Once thought lost, the first Journey to the West adaptation has survived – though not entirely intact.
“A monk! Oh, it’s been months since I last ate a monk!”
I’ve talked a bit about how the last few years we have seen something of a boom in Journey to the West films. Maybe it’s the fact that CGI is cheaper and easier than ever before, allowing for the more fantastic elements of the story to shine through (or be made laughably ridiculous). Everyone with a computer and a pirated copy of After Effects can create magical lightning and shoot people in front of green screens now. That said, I’ll always love seeing the creativity and love that gets put into the practical effects of adaptations long past.
With that in mind, I cannot praise these spider effects more. After a fairly by-the-numbers adaptation of the spider chapter (you know the one, they keep adapting it) where we see Wukong (Wu Wenchao), Bajie (Zhou Hongquan), and Wujing (Dan Erchun) all break into the spider princesses’ lair to rescue Tang Sangzang (Jaing Meikang) from a spider wedding, the monk’s now-bride (Yin Mingzhu) reveals her true self. There had been a few decent effects moments, but they had all been watching Wukong teleport from one place to another. At no point did he become a big, floppy marionette.
That’s only part of the charm of 1927’s adaptation of chapter 73. I’ll not lie – it starts out a bit slow and is largely interesting during those times due to its age and its history. See, the film had been considered lost until a Norwegian-translated print of (most of) the film reappeared making this something of a rare, almost-forgotten relic. The movie is supposedly missing the first reel and a chunk of its middle portion, so it’s kind of hard to judge as a story, but that’s not really the point here. The Cave of Silken Web is an artefact, a window into a time and place I’ll never experience and after watching the 40s animated Princess Iron Fan film I was very excited to see how things would play out in silent cinema.
And yeah, it’s a lot of fun. You know, when it isn’t a bunch of spider demons swarming around the Tang monk as he sits down and steadfastly rejects every offer of meat and sex he’s thrown. Sure, it’s hampered by obvious budgetary problems and the fact that there’s only so much fantastical craziness they can portray on screen, but it’s great to see the production do what they did with what they had. Watching the actors emote physically works really well for the story they’re telling; it’s just a shame available online versions don’t come with a soundtrack. If this ever gets screened with a live musical track, I’d be there in a heartbeat.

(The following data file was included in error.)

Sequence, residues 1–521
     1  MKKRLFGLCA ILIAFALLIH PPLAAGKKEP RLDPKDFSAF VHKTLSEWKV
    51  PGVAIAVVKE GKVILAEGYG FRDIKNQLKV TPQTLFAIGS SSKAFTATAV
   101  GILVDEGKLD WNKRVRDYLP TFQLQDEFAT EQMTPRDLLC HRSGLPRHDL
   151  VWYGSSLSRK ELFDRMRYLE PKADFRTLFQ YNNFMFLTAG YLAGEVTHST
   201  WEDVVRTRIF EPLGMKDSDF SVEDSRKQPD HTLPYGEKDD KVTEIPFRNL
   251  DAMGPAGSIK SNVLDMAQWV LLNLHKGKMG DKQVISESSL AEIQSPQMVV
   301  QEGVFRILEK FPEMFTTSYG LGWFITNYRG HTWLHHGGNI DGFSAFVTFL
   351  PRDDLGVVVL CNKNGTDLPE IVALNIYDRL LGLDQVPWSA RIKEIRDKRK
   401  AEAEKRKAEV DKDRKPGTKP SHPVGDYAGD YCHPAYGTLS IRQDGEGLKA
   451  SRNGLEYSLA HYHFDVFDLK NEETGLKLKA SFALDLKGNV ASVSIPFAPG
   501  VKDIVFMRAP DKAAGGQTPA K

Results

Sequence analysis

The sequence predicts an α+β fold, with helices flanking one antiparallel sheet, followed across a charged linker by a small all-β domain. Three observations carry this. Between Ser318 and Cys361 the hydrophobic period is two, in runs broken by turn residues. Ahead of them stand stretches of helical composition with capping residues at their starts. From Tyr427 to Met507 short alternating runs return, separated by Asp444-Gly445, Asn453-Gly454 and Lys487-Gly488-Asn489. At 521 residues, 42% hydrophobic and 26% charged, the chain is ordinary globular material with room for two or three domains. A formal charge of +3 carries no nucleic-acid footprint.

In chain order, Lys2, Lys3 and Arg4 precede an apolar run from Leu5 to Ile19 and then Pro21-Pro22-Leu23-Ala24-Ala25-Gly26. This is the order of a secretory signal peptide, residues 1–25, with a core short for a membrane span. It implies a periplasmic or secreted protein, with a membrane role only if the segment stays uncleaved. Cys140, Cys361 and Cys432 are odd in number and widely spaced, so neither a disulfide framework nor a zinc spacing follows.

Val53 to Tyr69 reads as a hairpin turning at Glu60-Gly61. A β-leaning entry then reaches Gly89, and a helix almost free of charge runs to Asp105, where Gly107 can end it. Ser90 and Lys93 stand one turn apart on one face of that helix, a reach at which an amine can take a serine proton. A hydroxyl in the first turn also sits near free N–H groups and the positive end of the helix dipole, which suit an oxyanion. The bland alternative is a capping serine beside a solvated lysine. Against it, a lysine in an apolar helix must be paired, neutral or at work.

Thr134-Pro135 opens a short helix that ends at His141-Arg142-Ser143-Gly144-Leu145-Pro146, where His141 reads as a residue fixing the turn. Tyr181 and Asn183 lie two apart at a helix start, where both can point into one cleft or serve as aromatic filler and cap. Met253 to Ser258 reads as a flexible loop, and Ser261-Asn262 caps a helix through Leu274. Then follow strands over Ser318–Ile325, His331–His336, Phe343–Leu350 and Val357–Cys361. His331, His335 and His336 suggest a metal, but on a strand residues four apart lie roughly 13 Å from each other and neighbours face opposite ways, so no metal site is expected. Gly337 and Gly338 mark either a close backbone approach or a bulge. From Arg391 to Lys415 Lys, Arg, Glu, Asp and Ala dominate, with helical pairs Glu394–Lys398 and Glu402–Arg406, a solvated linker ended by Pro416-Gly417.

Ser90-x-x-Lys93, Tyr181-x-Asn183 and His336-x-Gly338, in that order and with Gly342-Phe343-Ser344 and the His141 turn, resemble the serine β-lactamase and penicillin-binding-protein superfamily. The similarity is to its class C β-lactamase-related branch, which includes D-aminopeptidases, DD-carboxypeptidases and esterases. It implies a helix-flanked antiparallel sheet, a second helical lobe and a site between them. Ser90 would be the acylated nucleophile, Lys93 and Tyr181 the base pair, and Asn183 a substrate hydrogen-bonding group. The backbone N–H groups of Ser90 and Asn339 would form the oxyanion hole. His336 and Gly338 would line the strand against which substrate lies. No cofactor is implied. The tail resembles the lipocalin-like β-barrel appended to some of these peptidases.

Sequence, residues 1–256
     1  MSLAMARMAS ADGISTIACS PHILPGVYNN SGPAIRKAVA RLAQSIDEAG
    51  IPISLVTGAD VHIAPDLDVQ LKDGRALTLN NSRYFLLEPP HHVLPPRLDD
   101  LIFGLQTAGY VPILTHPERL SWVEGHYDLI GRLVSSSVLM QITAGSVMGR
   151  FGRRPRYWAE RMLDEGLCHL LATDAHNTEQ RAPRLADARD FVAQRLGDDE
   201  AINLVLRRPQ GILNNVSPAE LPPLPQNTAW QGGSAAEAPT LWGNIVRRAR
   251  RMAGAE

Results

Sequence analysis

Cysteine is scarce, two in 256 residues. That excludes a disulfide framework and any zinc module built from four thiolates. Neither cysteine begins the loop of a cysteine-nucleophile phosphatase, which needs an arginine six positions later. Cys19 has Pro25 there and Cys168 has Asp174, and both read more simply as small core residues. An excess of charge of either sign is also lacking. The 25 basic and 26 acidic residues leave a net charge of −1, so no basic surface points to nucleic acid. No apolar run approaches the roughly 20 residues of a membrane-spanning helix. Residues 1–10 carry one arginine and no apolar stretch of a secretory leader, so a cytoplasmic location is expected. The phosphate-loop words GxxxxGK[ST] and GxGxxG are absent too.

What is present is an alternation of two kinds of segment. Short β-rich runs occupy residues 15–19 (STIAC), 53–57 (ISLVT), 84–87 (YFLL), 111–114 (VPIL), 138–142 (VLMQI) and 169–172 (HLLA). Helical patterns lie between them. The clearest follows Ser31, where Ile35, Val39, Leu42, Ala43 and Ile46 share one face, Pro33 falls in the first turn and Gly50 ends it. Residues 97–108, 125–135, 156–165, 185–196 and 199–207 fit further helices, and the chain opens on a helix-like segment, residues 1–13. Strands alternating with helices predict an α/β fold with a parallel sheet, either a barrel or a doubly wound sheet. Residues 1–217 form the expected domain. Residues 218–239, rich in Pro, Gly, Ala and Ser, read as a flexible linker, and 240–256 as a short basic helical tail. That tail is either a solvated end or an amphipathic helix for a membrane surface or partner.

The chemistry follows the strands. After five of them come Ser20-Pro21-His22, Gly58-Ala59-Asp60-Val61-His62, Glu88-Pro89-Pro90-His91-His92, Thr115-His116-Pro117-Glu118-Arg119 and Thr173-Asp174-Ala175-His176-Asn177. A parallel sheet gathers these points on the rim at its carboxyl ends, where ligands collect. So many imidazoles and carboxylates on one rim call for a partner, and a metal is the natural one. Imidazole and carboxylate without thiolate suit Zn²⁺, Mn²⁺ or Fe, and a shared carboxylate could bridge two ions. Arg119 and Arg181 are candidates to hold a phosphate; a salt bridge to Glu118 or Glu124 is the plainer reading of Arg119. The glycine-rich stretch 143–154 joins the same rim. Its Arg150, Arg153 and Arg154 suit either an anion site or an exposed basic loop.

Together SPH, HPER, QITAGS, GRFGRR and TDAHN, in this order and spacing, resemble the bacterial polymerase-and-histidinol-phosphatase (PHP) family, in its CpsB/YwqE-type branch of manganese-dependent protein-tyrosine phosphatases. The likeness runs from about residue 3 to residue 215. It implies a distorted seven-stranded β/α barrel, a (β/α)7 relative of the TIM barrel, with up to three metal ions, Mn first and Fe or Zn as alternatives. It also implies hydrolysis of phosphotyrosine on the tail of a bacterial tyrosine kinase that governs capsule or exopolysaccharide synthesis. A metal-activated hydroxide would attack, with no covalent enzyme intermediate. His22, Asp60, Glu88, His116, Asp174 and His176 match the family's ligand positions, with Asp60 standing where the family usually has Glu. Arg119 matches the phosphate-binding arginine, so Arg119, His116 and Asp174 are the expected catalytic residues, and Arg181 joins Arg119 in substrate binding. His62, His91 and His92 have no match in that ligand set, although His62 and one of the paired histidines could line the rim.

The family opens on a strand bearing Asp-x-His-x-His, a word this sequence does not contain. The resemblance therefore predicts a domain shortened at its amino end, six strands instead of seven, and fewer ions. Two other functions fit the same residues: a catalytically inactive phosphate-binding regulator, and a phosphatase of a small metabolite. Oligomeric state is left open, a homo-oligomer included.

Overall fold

The scenes of people just sitting about and talking aren’t super exciting, but when the shenanigans and the martial arts stuff starts is when the film really finds its footing. Because then the women turn into their spider forms and burn alive while the film reel suddenly becomes bright red. The crimson-dyed battle at the end of the movie makes it worth sitting through some of the less exciting moments. Because it’s not something you watch for a great time, but more as a fascinating piece of China’s cinematic past. And it’s a fine example of early Chinese cinema, laying the groundwork for some of its most beloved tropes both in the mainstream and in their soon to be countless other Journey adaptation. It’s a great piece of cultural history – but man… that spider. There was a sequel made, but it’s considered lost as well. So come on, Norway – we’re all counting on you.
Verdict: Thanks to its short runtime and missing footage it’s impossible to ever judge it as a whole, but nevertheless Cave of Silken Web is charming and odd in a way modern films struggle to be.
Overall entertainment: 7/10
Violence: A solid 5/10
Sex: 1/10 for much failed monk seduction
Sensual forehead rubbing: 10/10
Favourite intertitle: The tortoise devil got drunk
Favourite mask: A real toss-up between Bajie and that horse demon
The Cave of Silken Web (1927)
Also known as: 盤絲洞, Pan Si Dong; Journey to the West – the Spiders Cave; Spiders
Silent, with Mandarin (and Norwegian, technically) intertitles
Director: Dan Duyu
Writer: Guan Ji’an (screenplay), Wu Cheng’en (novel)
Yin Mingzhu as First Spider Spirit
Xia Peizhen as Second Spider Spirit
Wu Wenchao as Sun Wukong
Jiang Meikang as Tang Sanzang
Zhou Hongquan as Zhu Bajie
Dan Erchun as Sha Wujing
He Rongzhu as Man In White
Chen Baoqi as Yellow Flower Daoist Spirit